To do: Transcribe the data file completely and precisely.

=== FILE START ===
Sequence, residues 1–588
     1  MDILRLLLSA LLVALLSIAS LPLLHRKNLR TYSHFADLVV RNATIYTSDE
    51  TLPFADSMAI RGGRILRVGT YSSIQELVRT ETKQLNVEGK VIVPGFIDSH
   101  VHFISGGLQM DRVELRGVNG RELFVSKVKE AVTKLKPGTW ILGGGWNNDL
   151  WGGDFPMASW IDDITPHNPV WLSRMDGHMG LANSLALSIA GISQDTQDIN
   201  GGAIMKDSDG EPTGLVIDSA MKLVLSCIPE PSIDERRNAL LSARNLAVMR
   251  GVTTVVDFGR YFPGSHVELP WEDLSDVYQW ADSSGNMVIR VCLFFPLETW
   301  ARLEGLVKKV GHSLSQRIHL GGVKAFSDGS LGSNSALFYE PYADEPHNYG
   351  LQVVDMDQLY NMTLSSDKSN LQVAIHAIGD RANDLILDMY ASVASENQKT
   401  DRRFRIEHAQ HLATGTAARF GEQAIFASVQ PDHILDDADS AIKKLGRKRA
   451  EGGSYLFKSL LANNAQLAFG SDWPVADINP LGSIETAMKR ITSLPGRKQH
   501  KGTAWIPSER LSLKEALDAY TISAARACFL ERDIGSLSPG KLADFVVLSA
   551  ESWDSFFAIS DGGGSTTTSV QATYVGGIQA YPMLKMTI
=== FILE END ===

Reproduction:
Sequence, residues 1–588
     1  MDILRLLLSA LLVALLSIAS LPLLHRKNLR TYSHFADLVV RNATIYTSDE
    51  TLPFADSMAI RGGRILRVGT YSSIQELVRT ETKQLNVEGK VIVPGFIDSH
   101  VHFISGGLQM DRVELRGVNG RELFVSKVKE AVTKLKPGTW ILGGGWNNDL
   151  WGGDFPMASW IDDITPHNPV WLSRMDGHMG LANSLALSIA GISQDTQDIN
   201  GGAIMKDSDG EPTGLVIDSA MKLVLSCIPE PSIDERRNAL LSARNLAVMR
   251  GVTTVVDFGR YFPGSHVELP WEDLSDVYQW ADSSGNMVIR VCLFFPLETW
   301  ARLEGLVKKV GHSLSQRIHL GGVKAFSDGS LGSNSALFYE PYADEPHNYG
   351  LQVVDMDQLY NMTLSSDKSN LQVAIHAIGD RANDLILDMY ASVASENQKT
   401  DRRFRIEHAQ HLATGTAARF GEQAIFASVQ PDHILDDADS AIKKLGRKRA
   451  EGGSYLFKSL LANNAQLAFG SDWPVADINP LGSIETAMKR ITSLPGRKQH
   501  KGTAWIPSER LSLKEALDAY TISAARACFL ERDIGSLSPG KLADFVVLSA
   551  ESWDSFFAIS DGGGSTTTSV QATYVGGIQA YPMLKMTI